This blog entry won't serve as an introduction to Boolean Algebra or logic gates, but rather just to illustrate an HTML5 widget I wrote that lets you manipulate NAND gates. In fact, before you begin, you should understand what these tables mean:
NOR = f(a,b) NAND = f(a,b) a b f a b f 0 0 1 0 0 1 0 1 0 0 1 1 1 0 0 1 0 1 1 1 0 1 1 0
If that makes no sense, start with this Wikipedia article on logic gates.
In the early 20th century, the maths world went wild trying to expand on George Boole's work on logic. Ernst Schröder, Edward Huntington, and Alfred Whitehead each developed conflicting notation systems and postulate sets, each with published works that were pretty arcane. For instance:
Subsequently, Charles Peirce and Henry Sheffer tried to take these methodologies and simplify them, and both created similar works describing a new logic function. Peirce described the NOR function in his paper "A Boolean Algebra with One Constant", which was a novel concept at the time.
Although he wrote it 30 years earlier, his paper wasn't published until well after Sheffer's work describing the same function. What's that, you say? Sheffer's paper was on the NAND function? No, no it wasn't. Here are the postulates from Sheffer's paper "A set of five independent postulates for Boolean algebras, with application to logical constants":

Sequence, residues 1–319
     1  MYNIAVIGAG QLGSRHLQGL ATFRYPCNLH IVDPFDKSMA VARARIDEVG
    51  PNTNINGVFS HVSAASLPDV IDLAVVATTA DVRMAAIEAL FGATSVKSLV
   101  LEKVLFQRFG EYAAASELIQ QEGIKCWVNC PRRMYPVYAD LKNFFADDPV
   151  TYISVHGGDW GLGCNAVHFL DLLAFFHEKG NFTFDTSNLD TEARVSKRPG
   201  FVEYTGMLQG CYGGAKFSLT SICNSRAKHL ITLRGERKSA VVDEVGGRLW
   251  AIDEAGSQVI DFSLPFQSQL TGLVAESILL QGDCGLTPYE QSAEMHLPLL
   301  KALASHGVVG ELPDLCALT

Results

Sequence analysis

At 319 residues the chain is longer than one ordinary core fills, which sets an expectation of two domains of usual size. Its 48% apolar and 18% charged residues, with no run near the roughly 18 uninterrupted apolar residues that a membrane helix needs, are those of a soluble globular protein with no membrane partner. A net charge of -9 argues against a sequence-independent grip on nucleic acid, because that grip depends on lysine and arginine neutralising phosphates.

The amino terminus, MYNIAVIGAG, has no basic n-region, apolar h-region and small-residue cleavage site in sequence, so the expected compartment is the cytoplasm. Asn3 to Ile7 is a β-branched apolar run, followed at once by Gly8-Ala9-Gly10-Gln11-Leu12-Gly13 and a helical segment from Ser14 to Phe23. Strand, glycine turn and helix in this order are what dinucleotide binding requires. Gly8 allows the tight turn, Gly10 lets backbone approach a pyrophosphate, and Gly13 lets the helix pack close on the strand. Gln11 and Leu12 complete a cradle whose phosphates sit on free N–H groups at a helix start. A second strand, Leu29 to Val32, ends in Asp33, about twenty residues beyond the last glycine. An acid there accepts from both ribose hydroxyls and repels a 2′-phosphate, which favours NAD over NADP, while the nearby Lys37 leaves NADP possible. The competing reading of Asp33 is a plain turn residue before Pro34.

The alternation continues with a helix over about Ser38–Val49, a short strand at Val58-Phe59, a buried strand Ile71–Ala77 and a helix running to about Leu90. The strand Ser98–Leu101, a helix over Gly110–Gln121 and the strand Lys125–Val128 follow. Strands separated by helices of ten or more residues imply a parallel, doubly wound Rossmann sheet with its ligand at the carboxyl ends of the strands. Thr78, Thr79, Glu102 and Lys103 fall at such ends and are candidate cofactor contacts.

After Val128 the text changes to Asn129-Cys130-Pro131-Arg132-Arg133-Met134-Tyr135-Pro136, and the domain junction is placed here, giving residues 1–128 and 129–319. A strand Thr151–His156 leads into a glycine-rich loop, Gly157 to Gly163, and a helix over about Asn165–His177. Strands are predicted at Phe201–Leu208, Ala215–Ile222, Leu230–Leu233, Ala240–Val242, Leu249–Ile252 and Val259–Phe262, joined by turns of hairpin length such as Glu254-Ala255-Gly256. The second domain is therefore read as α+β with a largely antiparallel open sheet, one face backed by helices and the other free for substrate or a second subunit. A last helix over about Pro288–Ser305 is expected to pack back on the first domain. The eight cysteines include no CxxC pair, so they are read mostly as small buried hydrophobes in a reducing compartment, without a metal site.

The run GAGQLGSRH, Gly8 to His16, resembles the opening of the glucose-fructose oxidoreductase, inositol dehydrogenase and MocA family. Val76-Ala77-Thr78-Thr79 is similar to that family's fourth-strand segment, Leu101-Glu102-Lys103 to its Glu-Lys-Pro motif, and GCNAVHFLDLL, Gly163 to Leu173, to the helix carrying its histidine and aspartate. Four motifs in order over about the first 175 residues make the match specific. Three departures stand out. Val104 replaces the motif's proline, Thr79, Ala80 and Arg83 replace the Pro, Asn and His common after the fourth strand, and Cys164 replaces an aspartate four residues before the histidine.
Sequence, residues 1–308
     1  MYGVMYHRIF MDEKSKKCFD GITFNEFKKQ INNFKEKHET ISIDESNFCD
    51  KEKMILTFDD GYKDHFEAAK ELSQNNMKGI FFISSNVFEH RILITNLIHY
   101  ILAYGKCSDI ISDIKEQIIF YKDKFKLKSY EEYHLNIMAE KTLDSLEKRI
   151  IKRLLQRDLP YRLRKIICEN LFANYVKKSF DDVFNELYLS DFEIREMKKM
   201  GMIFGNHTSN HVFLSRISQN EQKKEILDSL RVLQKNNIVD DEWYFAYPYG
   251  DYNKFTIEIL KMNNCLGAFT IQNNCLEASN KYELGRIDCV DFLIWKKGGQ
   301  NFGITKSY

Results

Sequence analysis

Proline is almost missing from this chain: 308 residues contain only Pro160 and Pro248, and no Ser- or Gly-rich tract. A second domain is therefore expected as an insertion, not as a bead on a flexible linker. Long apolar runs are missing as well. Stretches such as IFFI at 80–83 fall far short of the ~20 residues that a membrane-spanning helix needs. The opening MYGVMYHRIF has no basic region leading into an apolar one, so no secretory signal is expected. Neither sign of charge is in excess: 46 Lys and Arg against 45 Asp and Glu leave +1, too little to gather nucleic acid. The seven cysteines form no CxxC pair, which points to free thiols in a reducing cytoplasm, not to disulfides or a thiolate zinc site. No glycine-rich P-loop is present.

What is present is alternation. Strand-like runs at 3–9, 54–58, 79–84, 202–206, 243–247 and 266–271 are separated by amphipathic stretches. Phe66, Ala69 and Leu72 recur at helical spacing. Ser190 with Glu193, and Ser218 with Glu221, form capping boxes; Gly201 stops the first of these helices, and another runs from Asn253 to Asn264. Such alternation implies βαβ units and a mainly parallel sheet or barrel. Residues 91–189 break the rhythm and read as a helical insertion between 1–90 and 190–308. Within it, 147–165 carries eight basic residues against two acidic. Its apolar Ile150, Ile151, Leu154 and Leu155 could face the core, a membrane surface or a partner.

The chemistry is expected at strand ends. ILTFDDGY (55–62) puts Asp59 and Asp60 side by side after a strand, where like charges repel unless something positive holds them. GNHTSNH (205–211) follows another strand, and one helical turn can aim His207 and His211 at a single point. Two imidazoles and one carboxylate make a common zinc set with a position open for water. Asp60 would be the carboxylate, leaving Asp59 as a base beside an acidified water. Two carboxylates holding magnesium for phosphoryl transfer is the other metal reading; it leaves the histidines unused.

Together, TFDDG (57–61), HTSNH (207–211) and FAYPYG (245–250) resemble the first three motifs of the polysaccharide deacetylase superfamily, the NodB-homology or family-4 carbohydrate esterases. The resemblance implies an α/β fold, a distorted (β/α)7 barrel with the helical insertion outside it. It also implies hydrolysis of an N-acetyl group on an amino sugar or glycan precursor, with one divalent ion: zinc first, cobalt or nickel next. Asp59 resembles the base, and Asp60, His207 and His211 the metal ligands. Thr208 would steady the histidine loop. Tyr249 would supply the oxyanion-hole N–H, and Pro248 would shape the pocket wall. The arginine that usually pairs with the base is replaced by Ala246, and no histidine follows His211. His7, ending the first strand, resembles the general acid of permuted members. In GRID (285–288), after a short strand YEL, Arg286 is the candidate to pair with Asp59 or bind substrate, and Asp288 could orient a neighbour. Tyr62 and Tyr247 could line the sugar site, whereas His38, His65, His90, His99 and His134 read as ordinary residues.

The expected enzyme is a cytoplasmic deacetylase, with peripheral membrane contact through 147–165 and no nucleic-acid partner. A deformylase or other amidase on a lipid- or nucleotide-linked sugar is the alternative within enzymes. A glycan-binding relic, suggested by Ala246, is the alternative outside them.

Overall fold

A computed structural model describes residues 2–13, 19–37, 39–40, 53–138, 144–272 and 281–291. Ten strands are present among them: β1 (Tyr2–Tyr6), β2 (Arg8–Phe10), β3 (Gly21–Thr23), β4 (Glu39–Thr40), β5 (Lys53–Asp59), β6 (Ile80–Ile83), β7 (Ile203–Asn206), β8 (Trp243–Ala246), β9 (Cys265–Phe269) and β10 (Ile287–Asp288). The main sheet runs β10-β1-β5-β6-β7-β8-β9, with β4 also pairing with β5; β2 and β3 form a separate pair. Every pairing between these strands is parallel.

Again, pretty arcane. The business with the class K, and K-rules isn't intuitive, but my understanding is that it refers to functions which take multiple inputs from a set, and returns one output from the same set. Logic functions as the software developer understands them are an example of this, as logic functions have inputs from a class (true/false, or 0/1, or z/u if you're old school), and produce one output from the same class.
The postulates above work equally well for the NOR and NAND functions. Later in the paper he submits these corollaries:
IIa. There is a K-element z such that for any K-element a, (a | z)' = a. IIb. There is a K-element u such that for any K-element a, a' | u' = a
In a footnote he compares z with 0 (zero) and u with 1 (unary), which would make the above equations true only in a NOR function. However, flipping the values of z and u give us NAND. The point of the paper wasn't specifically to illustrate NAND or NOR, but to posit that there exists a logical operation that is functionally complete, and can be used to express the entire gamut of logical operations. Sheffer is credited incorrectly with the NAND function, and the pipe symbol he used in the above paper is referred to as the "Sheffer Stroke".
Because NAND and NOR are functionally complete, they show up in integrated circuits, where they can be placed in series to perform more complex operations. The 4000 series is a good example of this.
And that's also where the fun starts. I've used some logic gate builder web apps before, and I found them all pretty clunky. I wanted something with a simpler user interface, that maybe I could build on later to a full featured circuit builder, or just hook into a simple quiz page (quick, build me an OR gate using only NANDs!). This is where the project stands now:
Here is a video of me using the same to create other basic logic gates:
And lastly, here are some images of using the app to illustrate a couple of Sheffer's postulates:
4. Whenever a, b, and the indicated combinations of a and b are K-elements,
a | (b | b') = a'.
5. Whenever a,b,c, and the indicated combinations of a, b, and c are K-elements,
(a | (b | c))' = (b' | a) | (c' | a).